An appraisal is an opinion or estimate regarding the value of a particular property as of a specific date. Appraisal reports are used by businesses, government agencies, individuals, investors and mortgage companies when making decisions regarding real estate transactions. The goal of an appraisal is to determine a property's market value – the most probable price that the property will bring in a competitive and open market.
Market price, the price at which a property actually sells, may not always represent the market value. For example, if a seller is under duress because of the threat of foreclosure, or if a private sale is held, the property may sell below its market value.
An accurate appraisal depends on the methodical collection of data. Specific data, covering details regarding the particular property, and general data, pertaining to the nation, region, city and neighborhood wherein the property is located, are collected and analyzed to arrive at a value. Appraisals use three basic approaches to determine a property's value.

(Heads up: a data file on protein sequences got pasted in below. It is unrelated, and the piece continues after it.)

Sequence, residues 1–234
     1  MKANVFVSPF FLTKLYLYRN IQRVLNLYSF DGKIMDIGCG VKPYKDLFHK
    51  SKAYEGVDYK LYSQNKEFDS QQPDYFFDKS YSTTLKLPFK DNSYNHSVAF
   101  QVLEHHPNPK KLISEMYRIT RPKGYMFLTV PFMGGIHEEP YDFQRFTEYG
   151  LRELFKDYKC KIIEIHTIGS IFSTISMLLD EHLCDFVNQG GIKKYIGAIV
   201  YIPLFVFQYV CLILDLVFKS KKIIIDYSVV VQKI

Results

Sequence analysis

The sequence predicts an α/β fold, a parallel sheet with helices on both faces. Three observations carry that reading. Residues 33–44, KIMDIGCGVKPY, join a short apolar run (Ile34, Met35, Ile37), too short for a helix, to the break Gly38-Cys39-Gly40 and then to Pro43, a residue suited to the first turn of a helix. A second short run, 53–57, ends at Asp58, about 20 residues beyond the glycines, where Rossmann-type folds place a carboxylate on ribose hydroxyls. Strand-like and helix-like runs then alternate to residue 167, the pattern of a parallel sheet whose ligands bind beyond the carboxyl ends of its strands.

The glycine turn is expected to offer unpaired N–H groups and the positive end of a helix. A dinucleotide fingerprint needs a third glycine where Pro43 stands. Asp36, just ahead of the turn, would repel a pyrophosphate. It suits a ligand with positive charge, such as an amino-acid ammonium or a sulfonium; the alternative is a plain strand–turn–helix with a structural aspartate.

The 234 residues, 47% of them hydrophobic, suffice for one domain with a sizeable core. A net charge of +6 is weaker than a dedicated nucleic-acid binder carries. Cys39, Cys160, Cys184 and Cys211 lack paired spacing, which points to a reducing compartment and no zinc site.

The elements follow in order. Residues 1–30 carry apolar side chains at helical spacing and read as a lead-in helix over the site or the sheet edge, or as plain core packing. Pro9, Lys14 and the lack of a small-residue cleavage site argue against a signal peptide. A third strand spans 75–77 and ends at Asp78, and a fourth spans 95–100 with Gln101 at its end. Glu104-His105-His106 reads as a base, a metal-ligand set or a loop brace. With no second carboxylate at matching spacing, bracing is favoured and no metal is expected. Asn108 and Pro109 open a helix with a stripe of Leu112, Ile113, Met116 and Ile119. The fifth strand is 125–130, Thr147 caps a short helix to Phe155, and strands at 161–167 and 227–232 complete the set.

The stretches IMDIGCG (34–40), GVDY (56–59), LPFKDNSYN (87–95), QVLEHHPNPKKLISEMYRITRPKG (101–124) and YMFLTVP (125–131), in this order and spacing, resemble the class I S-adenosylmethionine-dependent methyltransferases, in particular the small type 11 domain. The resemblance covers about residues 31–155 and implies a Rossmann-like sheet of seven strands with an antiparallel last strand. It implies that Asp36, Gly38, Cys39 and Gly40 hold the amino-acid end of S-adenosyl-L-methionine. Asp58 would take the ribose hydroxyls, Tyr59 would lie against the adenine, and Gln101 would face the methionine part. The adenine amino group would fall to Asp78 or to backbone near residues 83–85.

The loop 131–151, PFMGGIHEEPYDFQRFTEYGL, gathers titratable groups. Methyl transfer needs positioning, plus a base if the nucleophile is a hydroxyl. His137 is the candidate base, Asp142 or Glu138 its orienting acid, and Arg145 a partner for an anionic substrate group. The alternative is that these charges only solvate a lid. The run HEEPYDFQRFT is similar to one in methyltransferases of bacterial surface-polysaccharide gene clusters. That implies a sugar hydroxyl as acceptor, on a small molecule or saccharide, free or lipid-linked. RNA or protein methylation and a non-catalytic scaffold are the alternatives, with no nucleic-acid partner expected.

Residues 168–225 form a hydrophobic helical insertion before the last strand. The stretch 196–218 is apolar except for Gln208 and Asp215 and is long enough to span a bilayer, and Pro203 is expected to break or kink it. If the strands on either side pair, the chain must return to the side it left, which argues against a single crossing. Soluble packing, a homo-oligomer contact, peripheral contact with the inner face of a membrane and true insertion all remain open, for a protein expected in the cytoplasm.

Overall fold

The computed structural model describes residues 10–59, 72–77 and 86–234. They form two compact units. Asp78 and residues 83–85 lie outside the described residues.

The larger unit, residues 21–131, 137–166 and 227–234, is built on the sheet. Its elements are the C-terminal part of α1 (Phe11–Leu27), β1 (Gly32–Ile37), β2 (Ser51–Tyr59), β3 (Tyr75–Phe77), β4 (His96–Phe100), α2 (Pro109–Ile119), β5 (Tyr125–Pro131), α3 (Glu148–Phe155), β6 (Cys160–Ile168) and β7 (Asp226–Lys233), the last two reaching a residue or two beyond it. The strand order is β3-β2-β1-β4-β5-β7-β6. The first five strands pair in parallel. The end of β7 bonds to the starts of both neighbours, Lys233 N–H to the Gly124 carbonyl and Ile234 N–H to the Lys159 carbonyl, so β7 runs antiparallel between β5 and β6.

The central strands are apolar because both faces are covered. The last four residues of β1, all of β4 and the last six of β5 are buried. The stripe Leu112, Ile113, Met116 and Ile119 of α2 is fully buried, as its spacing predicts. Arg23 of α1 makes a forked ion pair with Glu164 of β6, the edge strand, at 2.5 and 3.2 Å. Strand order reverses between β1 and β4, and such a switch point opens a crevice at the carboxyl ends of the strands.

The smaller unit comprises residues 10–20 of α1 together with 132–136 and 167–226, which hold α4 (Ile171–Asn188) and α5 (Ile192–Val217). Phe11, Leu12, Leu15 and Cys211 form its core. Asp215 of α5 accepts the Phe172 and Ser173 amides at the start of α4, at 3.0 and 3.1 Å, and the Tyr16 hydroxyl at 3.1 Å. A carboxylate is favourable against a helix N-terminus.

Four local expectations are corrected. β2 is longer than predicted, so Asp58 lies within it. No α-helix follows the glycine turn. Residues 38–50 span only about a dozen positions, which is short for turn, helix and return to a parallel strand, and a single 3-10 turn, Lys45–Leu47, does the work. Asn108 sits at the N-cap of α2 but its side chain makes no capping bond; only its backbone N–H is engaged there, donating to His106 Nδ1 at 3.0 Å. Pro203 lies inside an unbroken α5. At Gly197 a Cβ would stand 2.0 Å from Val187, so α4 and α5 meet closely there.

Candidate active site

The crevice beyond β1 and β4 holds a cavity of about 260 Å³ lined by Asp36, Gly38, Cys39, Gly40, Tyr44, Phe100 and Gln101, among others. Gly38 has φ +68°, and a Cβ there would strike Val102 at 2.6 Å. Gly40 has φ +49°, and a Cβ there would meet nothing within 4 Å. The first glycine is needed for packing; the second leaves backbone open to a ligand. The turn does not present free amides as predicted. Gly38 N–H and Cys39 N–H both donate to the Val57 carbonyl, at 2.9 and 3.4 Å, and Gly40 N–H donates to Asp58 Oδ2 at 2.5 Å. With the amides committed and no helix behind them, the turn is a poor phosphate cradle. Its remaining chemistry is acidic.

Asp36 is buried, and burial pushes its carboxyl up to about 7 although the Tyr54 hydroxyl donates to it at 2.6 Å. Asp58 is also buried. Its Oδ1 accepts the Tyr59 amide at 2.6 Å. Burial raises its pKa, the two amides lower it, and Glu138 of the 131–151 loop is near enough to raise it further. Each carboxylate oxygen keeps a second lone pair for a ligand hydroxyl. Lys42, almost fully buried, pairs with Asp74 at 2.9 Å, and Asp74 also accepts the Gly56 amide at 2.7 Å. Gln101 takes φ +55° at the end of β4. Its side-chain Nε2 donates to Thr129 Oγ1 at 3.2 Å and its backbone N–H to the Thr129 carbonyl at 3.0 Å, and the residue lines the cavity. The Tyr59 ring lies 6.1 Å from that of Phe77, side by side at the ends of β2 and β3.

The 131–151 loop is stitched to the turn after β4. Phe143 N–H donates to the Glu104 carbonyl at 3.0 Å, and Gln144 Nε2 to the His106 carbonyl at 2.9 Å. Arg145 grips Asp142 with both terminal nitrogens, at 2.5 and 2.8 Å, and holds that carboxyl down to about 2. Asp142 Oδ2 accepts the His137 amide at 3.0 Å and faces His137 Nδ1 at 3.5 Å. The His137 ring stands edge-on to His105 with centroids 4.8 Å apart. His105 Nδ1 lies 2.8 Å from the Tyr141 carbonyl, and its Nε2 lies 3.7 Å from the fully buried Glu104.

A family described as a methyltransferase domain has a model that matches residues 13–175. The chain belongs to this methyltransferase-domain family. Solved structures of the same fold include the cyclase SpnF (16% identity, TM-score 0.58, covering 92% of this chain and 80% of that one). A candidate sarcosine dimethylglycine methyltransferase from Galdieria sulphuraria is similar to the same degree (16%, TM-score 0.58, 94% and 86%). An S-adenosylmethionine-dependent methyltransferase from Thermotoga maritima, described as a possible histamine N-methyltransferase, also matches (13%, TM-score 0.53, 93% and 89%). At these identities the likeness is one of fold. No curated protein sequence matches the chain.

Method 1: Sales Comparison Approach
The sales comparison approach is commonly used in valuing single-family homes and land. Sometimes called the market data approach, it is an estimate of value derived by comparing a property with recently sold properties with similar characteristics. These similar properties are referred to as comparables, and in order to provide a valid comparison, each must:
- Be as similar to the subject property as possible
- Have been sold within the last year in an open, competitive market
- Have been sold under typical market conditions